By eleven o'clock the sun was shining and it turned out to be a beautiful autumn day with a light wind whipping up the leaves in the Stag Lane primary school that I used to attend many moons ago. I sent the girls off around the market with baskets singing 'Who will buy' with the last few loaves and we made some money for Well Child the childrens charity by selling some Happy Halloween biscuits. I caught up with old friends and met some fabulous local producers who all appreciated the effort I had gone through to produce a table full of bread.

Elated at selling all the bread and completely exhausted at being up all night to mix it, knead it, prove it, bake it, we all headed around mums for some celebratory prosecco and a hunk of olive & feta. As the girls counted through the money tin I calculated including ingredients costs (not the fact the heating was on all night and the oven was non-stop at average 220 for 12 hours) that I made just enough to take my boyfriend out for a curry having endured a disturbed and consequently sleepless night! :-)

Tuesday, 11 October 2011

Welcome to the World of Artisan Food

Team Bakers with Emmanuel Hadjiandreou
& Wayne Caddy

What a truly fabulous day. The sun shone and I was reunited with my fellow foodie graduates as well as a chance to meet the new generation of artisan school students that have just embarked on the journey I took just 12 months ago. Each one holding a dear story as to how they arrived at enrolling on this life changing course and starting a diploma in their chosen food discipline, with all of them extremely enthusiastic and raring to bake, make cheese & butcher within the next weeks. My best wishes to you all. I cannot deny it, I did indeed experience a pang of jealousy as I thought of the amazing year that lay ahead for these new peeps, having now left the school behind me to make way for pastures new and a challenging path ahead into artisan food. (somewhere along the way I seem to have lost a stone in weight too!:-)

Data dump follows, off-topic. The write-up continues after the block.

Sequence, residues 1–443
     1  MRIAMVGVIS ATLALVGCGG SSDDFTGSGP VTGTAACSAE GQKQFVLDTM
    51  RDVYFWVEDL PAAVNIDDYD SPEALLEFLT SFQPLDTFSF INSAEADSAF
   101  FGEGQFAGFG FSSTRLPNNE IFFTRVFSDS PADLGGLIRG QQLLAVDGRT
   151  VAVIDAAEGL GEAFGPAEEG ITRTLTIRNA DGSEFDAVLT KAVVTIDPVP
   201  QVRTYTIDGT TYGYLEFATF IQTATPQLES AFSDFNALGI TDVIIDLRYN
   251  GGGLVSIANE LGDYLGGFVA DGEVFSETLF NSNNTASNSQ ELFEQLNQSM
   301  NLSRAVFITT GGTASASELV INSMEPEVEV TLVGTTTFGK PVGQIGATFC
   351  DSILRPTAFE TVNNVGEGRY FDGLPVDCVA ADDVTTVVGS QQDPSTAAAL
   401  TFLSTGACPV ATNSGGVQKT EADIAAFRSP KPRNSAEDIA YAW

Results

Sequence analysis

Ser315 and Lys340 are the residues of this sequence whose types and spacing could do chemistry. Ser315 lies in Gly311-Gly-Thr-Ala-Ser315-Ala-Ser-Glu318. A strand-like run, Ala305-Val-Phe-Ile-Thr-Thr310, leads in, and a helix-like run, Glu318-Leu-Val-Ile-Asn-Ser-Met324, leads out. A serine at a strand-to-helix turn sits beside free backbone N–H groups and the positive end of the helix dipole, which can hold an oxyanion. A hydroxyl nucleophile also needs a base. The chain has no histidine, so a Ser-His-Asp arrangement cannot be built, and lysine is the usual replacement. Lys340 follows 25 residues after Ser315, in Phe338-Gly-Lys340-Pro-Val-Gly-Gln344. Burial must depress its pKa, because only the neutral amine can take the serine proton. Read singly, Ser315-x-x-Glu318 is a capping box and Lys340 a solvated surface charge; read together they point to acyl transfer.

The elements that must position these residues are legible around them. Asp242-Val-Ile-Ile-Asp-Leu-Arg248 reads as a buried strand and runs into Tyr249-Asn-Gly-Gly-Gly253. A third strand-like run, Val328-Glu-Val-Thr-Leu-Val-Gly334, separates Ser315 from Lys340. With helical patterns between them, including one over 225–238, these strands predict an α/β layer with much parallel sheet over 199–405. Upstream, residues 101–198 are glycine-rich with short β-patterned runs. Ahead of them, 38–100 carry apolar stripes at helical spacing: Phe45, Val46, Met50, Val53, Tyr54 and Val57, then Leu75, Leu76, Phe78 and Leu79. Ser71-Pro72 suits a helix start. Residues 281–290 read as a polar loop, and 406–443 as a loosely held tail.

A welcome address from Alison Swan Parente thanking us for being part of the very first challenging and exciting year of the school was recieved by a front row of beaming students preparing to accept their certificates from a fine example of this country's pioneering artisan cheese maker, Randolph Hodgson of Neal's Yard Dairy. He personally welcomed us into the world of artisan food and stressed the importance of continuing and sharing our new found skills.

Earlier that morning on our travels up to the Welbeck Estate, news of the death of Steve Jobs came over the radio and some poignant quotes that made me think about the decisions I had made only a year ago to leave my job and immerse myself into the world of Artisan food rang true. "Stay hungry....stay foolish"

You have to trust in something — your gut, destiny, life, karma, whatever. This approach has never let me down, and it has made all the difference in my life.” (Steve Jobs, 2005)

“Your time is limited, so don’t waste it living someone else’s life. Don’t be trapped by dogma — which is living with the results of other people’s thinking. Don’t let the noise of others’ opinions drown out your own inner voice. And most important, have the courage to follow your heart and intuition. They somehow already know what you truly want to become. Everything else is secondary.” (Steve Jobs, 2005)